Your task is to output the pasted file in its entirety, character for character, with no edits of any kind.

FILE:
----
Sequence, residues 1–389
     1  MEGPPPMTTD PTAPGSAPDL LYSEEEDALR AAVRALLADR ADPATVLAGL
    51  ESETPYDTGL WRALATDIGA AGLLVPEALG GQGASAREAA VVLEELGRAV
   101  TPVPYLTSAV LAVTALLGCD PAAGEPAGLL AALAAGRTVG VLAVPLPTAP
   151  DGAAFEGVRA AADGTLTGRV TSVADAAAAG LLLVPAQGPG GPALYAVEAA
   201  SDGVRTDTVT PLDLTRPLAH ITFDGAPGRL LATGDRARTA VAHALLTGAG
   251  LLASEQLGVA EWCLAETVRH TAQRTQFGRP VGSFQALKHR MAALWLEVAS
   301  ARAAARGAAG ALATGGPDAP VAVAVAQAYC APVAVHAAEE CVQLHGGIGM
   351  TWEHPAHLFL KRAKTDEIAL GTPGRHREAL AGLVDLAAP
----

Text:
Sequence, residues 1–389
     1  MEGPPPMTTD PTAPGSAPDL LYSEEEDALR AAVRALLADR ADPATVLAGL
    51  ESETPYDTGL WRALATDIGA AGLLVPEALG GQGASAREAA VVLEELGRAV
   101  TPVPYLTSAV LAVTALLGCD PAAGEPAGLL AALAAGRTVG VLAVPLPTAP
   151  DGAAFEGVRA AADGTLTGRV TSVADAAAAG LLLVPAQGPG GPALYAVEAA
   201  SDGVRTDTVT PLDLTRPLAH ITFDGAPGRL LATGDRARTA VAHALLTGAG
   251  LLASEQLGVA EWCLAETVRH TAQRTQFGRP VGSFQALKHR MAALWLEVAS
   301  ARAAARGAAG ALATGGPDAP VAVAVAQAYC APVAVHAAEE CVQLHGGIGM
   351  TWEHPAHLFL KRAKTDEIAL GTPGRHREAL AGLVDLAAP